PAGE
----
Disruptive Energy is here…And it’s Changing Energy Efficiency Markets

March 16, 2015
The energy industry is undergoing tremendous disruption — for the good. And it’s changing what we write about at EnergyEfficiencyMarkets.com.

You’ve probably noticed more stories about distributed energy, energy storage, vehicle-to-grid, fuel cells and other disruptive energy technologies.

These technologies aren’t always placed under the energy efficiency umbrella. But they should be.

Many people think of energy efficiency as switching out light bulbs in homes, greening buildings, or upgrading manufacturing equipment for higher performance.

All true. But energy efficiency is much more.

Look closely at today’s revolution to create a more distributed electric grid, and what do you find? All of this disruption is ultimately about energy efficiency — wringing the most value, the most energy, out of each dollar (or euro, pound, yuan, etc.) spent. It achieves this by:

  1. Giving the consumer more control. And what we control, we better appreciate and use less wastefully, more thoughtfully.
  2. Producing energy in a cleaner way. Less pollution means less expense fixing the environment or our own health, and therefore greater economic efficiency.
  3. Placing energy production closer to where it’s consumed, avoiding the need to build costly central power plants or long transmission lines. When energy is made onsite, it also averts ‘line loss,’ the natural dissipation of electricity as it travels distances.

Our readers have shown keen interest in articles about disruptive energy. So we want to let you know that more are coming your way.  (Interest has been so high in microgrids that about six months ago, we gave the topic a venue of its own, MicrogridKnowledge.com, the first independent news site devoted solely to microgrids.)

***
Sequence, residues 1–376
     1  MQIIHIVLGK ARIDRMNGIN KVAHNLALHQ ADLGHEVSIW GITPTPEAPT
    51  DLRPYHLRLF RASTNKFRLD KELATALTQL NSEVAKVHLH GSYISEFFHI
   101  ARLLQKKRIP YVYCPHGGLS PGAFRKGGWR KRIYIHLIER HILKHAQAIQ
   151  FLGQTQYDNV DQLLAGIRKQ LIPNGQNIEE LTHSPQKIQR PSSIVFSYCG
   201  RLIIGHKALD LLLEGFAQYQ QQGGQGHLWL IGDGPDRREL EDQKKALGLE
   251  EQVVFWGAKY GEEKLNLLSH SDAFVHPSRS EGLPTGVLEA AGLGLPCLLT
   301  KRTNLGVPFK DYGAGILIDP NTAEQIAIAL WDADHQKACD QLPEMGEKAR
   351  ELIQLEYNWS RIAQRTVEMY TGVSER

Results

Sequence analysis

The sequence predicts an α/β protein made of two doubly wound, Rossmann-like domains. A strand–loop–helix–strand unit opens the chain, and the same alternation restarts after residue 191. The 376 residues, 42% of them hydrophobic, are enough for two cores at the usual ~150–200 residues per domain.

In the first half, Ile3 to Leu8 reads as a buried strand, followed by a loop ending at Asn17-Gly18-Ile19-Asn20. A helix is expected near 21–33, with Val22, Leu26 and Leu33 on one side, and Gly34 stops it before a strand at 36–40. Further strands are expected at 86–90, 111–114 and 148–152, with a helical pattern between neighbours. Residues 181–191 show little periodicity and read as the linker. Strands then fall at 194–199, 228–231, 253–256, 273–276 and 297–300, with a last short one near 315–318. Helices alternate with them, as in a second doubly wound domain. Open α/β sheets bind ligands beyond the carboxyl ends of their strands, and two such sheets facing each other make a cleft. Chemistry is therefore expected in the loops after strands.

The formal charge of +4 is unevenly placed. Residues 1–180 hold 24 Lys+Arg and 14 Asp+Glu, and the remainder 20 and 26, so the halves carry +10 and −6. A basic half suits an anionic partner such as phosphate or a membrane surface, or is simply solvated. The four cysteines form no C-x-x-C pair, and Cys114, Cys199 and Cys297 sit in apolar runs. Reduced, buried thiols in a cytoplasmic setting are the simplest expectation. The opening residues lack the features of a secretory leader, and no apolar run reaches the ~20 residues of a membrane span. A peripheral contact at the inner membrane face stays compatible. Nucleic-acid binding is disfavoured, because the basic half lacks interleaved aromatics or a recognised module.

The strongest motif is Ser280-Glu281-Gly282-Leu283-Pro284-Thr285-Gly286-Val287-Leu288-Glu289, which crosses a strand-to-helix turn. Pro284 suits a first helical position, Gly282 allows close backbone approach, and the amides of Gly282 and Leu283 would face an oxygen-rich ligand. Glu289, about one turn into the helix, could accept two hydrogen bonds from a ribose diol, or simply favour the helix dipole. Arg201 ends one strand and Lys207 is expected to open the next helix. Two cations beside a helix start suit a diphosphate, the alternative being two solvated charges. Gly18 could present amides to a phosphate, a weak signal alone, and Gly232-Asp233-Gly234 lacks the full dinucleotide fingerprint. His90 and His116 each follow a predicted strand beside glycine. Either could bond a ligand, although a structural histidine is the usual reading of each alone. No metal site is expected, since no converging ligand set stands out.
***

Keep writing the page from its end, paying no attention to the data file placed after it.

Of course we will continue to focus on traditional forms of energy efficiency — the heart and soul of the industry — lighting and controls, appliance standards, energy and behavior, building energy management, industrial processes and equipment, and similar topics.

And as always, we’ll focus on the business and policy side of things: the creating, governing, buying, selling, opportunity-making activity that shapes the industry.

EnergyEfficiencyMarkets.com is nearing its second-year anniversary. We thank our readers and advertisers for making it a success. We feel fortunate to be recording energy history during this remarkable time, and promoting energy technologies that will improve the health and economics of the planet and those of us on it.

We encourage you to make use of Energy Efficiency Markets to shape this evolving market. We offer several ways you can participate: Industry PerspectivesWhite Papers, Case Studies, Studies/Reports and by commenting on articles and podcasts. We also encourage you to join our LinkedIn Group, Energy Efficiency Markets, and its subgroup, MicrogridKnowledge. Also, follow us on Twitter @EfficiencyMkts and like our Facebook page.

About the Author

Elisa Wood | Editor-in-Chief

Elisa Wood is an award-winning writer and editor who specializes in the energy industry. She is chief editor and co-founder of Microgrid Knowledge and serves as co-host of the publication’s popular conference series. She also co-founded RealEnergyWriters.com, where she continues to lead a team of energy writers who produce content for energy companies and advocacy organizations.

She has been writing about energy for more than two decades and is published widely. Her work can be found in prominent energy business journals as well as mainstream publications. She has been quoted by NPR, the Wall Street Journal and other notable media outlets.

“For an especially readable voice in the industry, the most consistent interpreter across these years has been the energy journalist Elisa Wood, whose Microgrid Knowledge (and conference) has aggregated more stories better than any other feed of its time,” wrote Malcolm McCullough, in the book, Downtime on the Microgrid, published by MIT Press in 2020.

Twitter: @ElisaWood

LinkedIn: Elisa Wood

Facebook:  Microgrids

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